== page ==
Higher order benefit vs brand purpose

In marketing circles it is believed that consumers, especially millennials want a brand to stand for something (beyond just selling) and prefer brands which do so. This seems to have caused a flutter as is apparent by the surfeit of films from brands associating themselves with various causes. Some pundits say that consumers simply want good products or services and don’t really care for brand purpose and other lofty ideals. I think such a binary positions are not going to help. Yes, anchoring your marketing message on the brands, its features and benefits is important. But there is a need for the benefit to beyond basic, obvious ones and stretch it a bit.

We live in a world where brands have little or no differentiation – product parity is a given. So anchoring communication on a genuine product differentiation is tough. Also, very few categories and brands evoke high involvement from consumers. Most of our purchases are for routine, everyday needs. Brands operating in such categories (e.g. floor cleaner, ketchup) need to create some excitement in their advertising beyond just conveying basic features.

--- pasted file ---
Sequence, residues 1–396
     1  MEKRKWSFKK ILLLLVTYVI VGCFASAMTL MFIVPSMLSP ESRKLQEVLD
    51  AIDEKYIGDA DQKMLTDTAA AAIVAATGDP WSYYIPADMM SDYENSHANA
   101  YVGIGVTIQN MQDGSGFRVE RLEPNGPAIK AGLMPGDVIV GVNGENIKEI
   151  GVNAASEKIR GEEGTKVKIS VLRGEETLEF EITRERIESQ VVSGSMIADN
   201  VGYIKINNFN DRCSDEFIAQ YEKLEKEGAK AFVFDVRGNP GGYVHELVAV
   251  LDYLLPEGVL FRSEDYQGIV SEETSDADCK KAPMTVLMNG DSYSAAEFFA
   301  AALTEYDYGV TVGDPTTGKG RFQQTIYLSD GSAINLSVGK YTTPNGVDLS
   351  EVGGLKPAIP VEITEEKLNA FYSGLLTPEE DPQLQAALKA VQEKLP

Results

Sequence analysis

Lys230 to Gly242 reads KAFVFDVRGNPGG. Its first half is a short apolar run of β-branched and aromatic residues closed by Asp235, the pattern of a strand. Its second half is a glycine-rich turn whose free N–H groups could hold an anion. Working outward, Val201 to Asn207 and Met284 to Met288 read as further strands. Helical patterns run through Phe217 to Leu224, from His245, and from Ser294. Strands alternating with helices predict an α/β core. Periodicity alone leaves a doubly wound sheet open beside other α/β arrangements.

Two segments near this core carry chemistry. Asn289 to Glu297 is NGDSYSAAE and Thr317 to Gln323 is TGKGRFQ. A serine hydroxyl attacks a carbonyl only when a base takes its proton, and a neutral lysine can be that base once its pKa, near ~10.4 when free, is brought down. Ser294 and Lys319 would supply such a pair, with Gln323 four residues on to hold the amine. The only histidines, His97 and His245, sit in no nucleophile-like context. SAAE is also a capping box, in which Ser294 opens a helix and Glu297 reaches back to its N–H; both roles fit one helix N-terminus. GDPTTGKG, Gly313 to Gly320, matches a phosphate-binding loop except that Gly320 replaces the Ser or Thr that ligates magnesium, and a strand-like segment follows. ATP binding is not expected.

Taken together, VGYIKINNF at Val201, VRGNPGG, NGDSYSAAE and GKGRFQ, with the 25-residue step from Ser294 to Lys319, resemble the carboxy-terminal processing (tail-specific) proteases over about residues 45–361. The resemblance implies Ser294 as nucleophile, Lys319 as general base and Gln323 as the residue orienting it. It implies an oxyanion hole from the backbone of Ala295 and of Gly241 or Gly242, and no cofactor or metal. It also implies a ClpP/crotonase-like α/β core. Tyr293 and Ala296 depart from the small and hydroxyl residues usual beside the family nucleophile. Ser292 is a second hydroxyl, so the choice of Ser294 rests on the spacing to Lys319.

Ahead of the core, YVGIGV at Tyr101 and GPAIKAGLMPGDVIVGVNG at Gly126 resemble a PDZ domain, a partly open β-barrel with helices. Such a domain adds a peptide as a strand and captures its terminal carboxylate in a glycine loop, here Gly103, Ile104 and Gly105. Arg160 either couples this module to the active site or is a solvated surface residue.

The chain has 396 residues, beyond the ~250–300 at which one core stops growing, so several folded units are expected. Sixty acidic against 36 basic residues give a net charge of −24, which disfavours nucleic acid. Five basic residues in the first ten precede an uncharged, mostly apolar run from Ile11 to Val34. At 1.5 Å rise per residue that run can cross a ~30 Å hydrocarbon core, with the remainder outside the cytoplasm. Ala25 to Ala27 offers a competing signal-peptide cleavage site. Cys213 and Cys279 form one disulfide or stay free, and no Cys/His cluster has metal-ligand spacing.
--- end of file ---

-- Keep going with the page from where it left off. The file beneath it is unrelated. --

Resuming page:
Even brands operating in high involvement categories (e.g smartphones) need to go beyond just conveying features. Even when they have a feature worth talking about it has to be projected in an interesting manner by conveying the benefit. Instead of simply listing technical specifications of its camera, Apple chose to showcase the images in its hugely successful ‘Shot on iPhone’ campaign. But not every brand is an Apple or Nike. A toothpaste, shampoo or biscuit then has to resort to a ‘stretched’ benefit – what is known as benefit laddering to endear themselves to the consumer. So it is understandable when a shampoo brand equates an ingredient to cause shine in hair and then ‘stretches’ that product benefit to say ‘helps you shine’ [in life, being the unsaid part]. They may then stretch it even further by instituting an award for women achievers who ‘shine in life’. All perfectly relatable to a consumer who know that a shampoo does not really help them do well in life and advertising is only exaggerating the claim of shiny hair – a willing suspension of disbelief. Just as everyone knows that its not the talcum powder which helps one ace an interview – the ad is merely dramatising the feeling of confidence arising out of using a beauty product.